New research has found that a mindfulness-based approach to tinnitus could transform treatment of the condition.
Led by Dr. Laurence McKenna from University College London Hospitals NHS Foundation Trust (UCLH) and Dr. Liz Marks from the Department of Psychology at the University of Bath, the new study found that mindfulness based cognitive therapy (MBCT) helps to significantly reduce the severity of tinnitus compared to relaxation-based treatments, an approach recommended by many tinnitus clinics.
Tinnitus, described as a sensation or awareness of sound that is not caused by an external sound source, affects approximately 6 million people in the UK — about 10 percent of the population. Approximately one in 100 people are very distressed or disabled by it and as many as one in 20 people are at least moderately distressed by it.
Tinnitus is associated with complaints of emotional stress, insomnia, auditory perceptual problems, and concentration problems, researchers report.
While there is no treatment to stop the tinnitus noise, the new research, funded by the British Tinnitus Association (BTA), shows that treatment can make it less severe, intrusive, and bothersome, the researchers say.
For the study, 75 patients took part in a trial at UCLH’s Royal National Throat, Nose and Ear Hospital, receiving either MBCT or relaxation therapy.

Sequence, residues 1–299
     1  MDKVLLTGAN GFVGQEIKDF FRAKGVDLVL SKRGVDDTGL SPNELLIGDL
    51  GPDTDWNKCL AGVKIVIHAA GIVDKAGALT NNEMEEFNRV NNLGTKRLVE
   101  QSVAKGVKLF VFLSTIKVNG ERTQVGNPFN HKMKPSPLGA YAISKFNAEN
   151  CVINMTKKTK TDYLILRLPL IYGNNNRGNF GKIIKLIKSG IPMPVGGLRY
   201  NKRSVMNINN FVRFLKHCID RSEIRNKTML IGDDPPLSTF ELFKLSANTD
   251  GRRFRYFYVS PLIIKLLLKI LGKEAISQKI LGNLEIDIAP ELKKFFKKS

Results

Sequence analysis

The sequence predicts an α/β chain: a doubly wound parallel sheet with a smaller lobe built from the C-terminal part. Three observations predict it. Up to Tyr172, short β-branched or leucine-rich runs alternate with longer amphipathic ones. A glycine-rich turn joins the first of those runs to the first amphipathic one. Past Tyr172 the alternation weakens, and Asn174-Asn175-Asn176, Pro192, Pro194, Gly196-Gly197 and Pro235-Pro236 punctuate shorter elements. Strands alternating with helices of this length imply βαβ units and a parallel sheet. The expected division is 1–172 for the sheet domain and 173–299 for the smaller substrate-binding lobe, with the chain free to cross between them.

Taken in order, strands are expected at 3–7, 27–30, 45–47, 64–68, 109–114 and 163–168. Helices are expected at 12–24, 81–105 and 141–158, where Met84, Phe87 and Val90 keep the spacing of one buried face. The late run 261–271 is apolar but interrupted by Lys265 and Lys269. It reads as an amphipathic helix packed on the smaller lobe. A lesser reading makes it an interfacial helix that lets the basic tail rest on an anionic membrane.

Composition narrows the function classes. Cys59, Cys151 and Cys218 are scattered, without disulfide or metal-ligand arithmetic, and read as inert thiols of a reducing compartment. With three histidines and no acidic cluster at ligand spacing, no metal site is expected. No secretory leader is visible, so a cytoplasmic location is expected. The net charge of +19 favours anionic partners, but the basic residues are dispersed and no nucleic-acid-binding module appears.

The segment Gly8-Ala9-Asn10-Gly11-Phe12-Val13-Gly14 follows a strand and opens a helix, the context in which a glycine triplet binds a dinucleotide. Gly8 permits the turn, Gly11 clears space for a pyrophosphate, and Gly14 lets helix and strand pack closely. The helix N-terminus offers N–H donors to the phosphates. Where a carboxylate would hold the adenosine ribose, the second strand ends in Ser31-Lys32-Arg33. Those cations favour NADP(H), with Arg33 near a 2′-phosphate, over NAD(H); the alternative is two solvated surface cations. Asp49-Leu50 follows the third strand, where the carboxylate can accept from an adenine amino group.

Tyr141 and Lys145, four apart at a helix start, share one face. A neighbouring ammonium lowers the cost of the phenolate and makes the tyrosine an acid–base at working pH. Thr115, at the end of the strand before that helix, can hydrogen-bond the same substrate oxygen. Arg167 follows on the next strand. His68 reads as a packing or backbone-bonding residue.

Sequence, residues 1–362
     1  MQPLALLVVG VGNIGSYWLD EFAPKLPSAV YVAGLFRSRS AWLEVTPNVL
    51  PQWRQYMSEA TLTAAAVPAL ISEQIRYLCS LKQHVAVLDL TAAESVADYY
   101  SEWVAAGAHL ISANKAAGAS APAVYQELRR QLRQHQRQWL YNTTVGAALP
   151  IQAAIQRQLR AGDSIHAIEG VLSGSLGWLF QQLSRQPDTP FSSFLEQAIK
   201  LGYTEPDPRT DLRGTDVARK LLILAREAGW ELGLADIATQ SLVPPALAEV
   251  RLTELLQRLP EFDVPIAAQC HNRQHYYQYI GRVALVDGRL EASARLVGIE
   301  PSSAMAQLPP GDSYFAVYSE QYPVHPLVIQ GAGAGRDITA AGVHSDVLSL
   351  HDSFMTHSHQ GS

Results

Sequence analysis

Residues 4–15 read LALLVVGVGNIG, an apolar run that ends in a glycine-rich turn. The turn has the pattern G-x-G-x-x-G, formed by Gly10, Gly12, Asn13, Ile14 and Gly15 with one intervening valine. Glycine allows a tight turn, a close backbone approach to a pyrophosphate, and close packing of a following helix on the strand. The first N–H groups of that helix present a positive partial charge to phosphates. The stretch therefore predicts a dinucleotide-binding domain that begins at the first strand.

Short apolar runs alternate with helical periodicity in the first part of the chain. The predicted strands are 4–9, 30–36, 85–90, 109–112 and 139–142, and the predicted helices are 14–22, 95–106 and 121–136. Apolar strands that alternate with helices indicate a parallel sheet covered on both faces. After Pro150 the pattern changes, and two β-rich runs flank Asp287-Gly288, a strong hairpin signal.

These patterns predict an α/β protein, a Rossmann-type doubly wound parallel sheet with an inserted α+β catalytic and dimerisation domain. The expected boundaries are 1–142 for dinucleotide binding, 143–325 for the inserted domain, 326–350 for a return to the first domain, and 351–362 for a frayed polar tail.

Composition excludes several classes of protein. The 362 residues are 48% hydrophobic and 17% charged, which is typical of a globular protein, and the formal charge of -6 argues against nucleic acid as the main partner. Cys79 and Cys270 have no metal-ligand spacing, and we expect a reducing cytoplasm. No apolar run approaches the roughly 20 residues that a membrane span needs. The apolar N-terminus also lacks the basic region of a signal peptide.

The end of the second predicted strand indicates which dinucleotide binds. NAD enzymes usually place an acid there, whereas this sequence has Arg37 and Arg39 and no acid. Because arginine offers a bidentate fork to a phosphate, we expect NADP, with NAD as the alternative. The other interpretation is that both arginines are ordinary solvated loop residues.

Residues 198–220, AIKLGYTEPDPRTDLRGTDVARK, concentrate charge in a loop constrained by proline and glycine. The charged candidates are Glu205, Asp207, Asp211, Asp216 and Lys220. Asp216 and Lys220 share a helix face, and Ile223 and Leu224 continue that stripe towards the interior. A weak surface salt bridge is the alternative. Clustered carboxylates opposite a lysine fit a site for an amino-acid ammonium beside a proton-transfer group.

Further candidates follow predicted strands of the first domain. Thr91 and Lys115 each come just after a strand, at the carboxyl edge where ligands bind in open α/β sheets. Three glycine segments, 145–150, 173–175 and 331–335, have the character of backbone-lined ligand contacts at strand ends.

The study found that both treatments led to a reduction in tinnitus severity, psychological distress, anxiety, and depression for patients, according to the researchers.
“However, the MBCT treatment led to significantly greater reductions in tinnitus severity than the relaxation treatment, and this improvement lasted for longer,” Marks said. “In addition, 182 patients who completed MBCT routinely in our clinic showed a similar level of improvement.”
Relaxation therapy provides patients with specific skills to reduce stress arousal levels. In contrast, MBCT, taught by highly-trained clinical psychologists, teaches patients to pay purposeful, present-moment attention to experiences, rather than trying to suppress those experiences, the researchers explained.
Practicing mindfulness meditation can cultivate a more helpful way of responding to tinnitus, researchers add.
People learn how to “allow” and “accept” tinnitus, rather than having to “fight it” or “push it away,” the researchers noted.
“MBCT turns traditional tinnitus treatment on its head — so rather than trying to avoid or mask the noise, it teaches people to stop the battle with tinnitus,” Marks said.
“The mindfulness approach is radically different from what most tinnitus sufferers have tried before, and it may not be right for everyone,” she continued. “We are confident, however, that the growing research base has demonstrated how it can offer an exciting new treatment to people who may have found that traditional treatment has not been able to help them yet. We hope the results of our research will be one of the first steps to MBCT becoming more widely adopted.”